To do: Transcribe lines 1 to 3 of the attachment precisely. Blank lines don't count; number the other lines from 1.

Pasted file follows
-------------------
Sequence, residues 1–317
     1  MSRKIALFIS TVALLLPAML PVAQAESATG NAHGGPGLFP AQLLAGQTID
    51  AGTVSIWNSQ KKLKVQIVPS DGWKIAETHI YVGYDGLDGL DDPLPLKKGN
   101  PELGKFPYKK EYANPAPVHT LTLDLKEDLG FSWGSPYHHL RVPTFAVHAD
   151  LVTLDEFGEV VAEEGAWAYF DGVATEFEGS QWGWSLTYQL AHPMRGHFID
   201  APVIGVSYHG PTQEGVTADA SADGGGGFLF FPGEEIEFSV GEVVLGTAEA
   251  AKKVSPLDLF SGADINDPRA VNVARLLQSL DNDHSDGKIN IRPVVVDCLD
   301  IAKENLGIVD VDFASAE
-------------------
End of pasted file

Sequence, residues 1–317
     1  MSRKIALFIS TVALLLPAML PVAQAESATG NAHGGPGLFP AQLLAGQTID
    51  AGTVSIWNSQ KKLKVQIVPS DGWKIAETHI YVGYDGLDGL DDPLPLKKGN